On Jan 13, Ismail Mina Ahmad, the leader of Gerakan Pembela Ummah, a group of Islamic NGOs, claimed that only the Malays had sacrificed their lives for Malaya.
This is an insult to the memory of the non-Malays who died defending Malaya/Malaysia: the Chinese, Indians, Sikhs, Orang Asli, Iban, Kadazan, Muruts.
This group also includes Westerners like the British and Australians. Other nationals were also involved – Nepalese, Kenyans and Fijians fought alongside the Malays in defence of Malaya during World War II, the Emergency and Confrontation with Indonesia.
According to Ismail, he was not being racist but merely recounting history. He reeled off various episodes in the history of the Malay Peninsula, starting with the Malays fighting against the invasion by Siam.
He claimed that the Malays fought against their Portuguese conquerors, the Japanese, the British and the Communist Party of Malaya (CPM).
He said: “During the Bintang Tiga (CPM) rule, the Malays were killed. I am reading history.
“Who were the members of Bintang Tiga, I will not say because I fear getting sued. Just read history.”
It is disingenuous of Ismail to insinuate that the non-Malays are not patriotic. It is also telling that he made no mention of the fact that more Chinese than Malays were killed by the Japanese during WWII and the Emergency.
A few weeks ago, Armed Forces chief Raja Mohamed Affandi Raja Mohamed Noor said they would seek to recruit 10% more non-Malays annually, to share the responsibility of defending Malaysia’s sovereignty.
His call for increased participation from non-Malays was supported by Brigadier-General (Rtd) Mohd Arshad Raji, the president of the National Patriots Association.
Arshad wanted ministers to address the factors which discouraged non-Malays from joining the forces. He said over the years, many non-Malay officers had been sidelined from promotions even though they were able and highly experienced.
He said the military had also become increasingly Islamic-centric over the years, causing the non-Malays to feel alienated.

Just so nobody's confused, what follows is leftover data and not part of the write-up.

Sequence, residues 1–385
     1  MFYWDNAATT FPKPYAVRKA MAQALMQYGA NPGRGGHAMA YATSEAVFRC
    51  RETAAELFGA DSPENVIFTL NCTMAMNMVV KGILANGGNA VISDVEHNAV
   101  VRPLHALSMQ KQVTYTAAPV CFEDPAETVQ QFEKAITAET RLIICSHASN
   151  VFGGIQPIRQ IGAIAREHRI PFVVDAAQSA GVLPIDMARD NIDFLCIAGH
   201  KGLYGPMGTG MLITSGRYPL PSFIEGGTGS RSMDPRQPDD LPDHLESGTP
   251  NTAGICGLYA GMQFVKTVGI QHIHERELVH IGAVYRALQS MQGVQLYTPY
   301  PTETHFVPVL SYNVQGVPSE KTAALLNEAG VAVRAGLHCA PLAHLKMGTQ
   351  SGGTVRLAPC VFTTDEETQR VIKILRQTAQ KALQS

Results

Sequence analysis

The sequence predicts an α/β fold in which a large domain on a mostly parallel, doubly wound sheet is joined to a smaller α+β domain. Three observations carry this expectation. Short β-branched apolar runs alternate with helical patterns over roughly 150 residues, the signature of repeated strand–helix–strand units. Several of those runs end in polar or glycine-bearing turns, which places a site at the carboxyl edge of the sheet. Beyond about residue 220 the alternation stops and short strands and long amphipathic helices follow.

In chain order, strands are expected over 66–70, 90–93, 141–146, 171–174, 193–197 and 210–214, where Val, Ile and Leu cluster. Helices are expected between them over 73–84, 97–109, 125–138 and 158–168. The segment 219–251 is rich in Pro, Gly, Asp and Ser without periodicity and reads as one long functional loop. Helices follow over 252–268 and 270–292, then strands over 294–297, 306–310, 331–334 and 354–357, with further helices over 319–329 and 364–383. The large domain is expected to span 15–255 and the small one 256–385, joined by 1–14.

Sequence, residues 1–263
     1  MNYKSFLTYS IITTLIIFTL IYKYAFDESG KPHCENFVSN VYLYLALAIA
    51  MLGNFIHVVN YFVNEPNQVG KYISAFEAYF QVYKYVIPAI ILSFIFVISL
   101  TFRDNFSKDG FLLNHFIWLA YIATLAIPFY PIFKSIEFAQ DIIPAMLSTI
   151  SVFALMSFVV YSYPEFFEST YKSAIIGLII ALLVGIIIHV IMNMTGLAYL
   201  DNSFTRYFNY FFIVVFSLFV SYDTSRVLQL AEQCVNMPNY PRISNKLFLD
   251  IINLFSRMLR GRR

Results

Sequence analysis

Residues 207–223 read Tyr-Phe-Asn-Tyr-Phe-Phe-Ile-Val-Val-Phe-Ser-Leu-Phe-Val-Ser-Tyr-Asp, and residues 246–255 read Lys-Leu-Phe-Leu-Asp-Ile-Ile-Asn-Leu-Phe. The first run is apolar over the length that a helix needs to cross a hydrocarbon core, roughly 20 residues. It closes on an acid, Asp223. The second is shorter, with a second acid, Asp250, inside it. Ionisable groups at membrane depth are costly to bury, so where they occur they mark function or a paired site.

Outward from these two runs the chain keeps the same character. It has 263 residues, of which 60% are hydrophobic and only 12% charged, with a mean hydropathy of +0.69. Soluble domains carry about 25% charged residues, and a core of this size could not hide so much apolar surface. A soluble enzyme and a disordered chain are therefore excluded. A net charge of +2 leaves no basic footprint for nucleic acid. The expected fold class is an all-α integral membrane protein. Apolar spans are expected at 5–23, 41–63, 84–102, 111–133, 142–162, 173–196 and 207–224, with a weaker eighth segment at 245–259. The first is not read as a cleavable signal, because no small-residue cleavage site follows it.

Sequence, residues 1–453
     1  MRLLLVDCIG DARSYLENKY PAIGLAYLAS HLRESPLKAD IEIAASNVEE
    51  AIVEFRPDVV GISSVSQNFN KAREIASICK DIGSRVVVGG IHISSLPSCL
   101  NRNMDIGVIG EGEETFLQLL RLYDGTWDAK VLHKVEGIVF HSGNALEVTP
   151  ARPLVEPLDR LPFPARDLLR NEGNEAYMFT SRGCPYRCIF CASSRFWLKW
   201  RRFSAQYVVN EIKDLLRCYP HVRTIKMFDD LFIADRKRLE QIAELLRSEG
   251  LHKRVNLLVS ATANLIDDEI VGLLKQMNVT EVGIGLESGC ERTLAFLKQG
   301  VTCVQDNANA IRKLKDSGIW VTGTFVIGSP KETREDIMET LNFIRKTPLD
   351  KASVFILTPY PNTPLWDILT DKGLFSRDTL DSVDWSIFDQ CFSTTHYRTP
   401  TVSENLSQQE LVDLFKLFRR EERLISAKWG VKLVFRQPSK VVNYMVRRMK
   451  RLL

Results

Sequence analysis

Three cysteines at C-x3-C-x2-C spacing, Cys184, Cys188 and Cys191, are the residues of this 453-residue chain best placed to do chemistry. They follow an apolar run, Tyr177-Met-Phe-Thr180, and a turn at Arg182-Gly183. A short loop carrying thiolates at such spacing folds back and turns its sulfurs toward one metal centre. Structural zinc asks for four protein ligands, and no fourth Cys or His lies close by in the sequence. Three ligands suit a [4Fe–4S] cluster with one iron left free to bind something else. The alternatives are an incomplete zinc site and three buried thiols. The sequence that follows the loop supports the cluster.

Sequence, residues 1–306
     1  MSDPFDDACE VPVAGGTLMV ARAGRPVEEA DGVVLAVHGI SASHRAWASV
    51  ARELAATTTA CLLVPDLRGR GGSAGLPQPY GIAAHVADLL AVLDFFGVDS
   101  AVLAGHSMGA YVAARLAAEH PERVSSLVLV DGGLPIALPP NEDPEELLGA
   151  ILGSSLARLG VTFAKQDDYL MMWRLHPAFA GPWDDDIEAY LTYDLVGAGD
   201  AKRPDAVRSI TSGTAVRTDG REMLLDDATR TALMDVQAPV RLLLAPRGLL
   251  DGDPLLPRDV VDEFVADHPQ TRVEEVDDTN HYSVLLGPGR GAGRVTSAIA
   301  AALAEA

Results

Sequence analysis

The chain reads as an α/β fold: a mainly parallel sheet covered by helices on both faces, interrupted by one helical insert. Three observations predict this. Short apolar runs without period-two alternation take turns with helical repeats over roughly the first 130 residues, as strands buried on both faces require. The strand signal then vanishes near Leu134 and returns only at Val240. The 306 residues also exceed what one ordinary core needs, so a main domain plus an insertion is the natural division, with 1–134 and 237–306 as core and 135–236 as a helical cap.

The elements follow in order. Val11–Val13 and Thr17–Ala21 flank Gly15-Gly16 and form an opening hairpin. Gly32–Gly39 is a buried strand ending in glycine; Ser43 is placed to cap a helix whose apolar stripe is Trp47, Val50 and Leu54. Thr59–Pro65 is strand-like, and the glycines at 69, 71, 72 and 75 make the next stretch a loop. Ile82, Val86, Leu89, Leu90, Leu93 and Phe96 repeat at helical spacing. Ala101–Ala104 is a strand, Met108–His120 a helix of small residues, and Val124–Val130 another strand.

Defence Minister Hishammuddin Hussein called Arshad’s remarks divisive and warned that they were a normal feature of the opposition and people who were not supportive of the government.
He said: “I want to advise them, if they want to bring up racial and religious sentiments, even in politics, there are limits.”
Hishammuddin should remember that a few years ago, Ahmad Zahid Hamidi upset many non-Malays when he said they were not attracted to life in the service because they did not wish to be subjected to strict discipline, lower wages compared to the private sector, discouragement from family members and the negative perceptions of such a career.
A friend’s father served for 16 happy years in the army and was proud to serve his king and country. He was a Lt Col when he retired. He was sad to leave, but was unable to extend his service.
The retired army officer supports the call for meritocracy, but says non-Malays will still be treated as before, and will not be the first choice for promotion.
“Non-Malays are more than willing to serve, if they are given the chance and if meritocracy is practised,” he said.
“As with other branches of government, the non-Malays feel they are not welcomed and they will be passed over for promotions.”
So will Ismail get his facts right, and will the ministers address the lack of meritocracy in the security forces? No one likes it when their work is unappreciated.
Mariam Mokhtar is an FMT columnist.
The views expressed are those of the author and do not necessarily reflect those of FMT.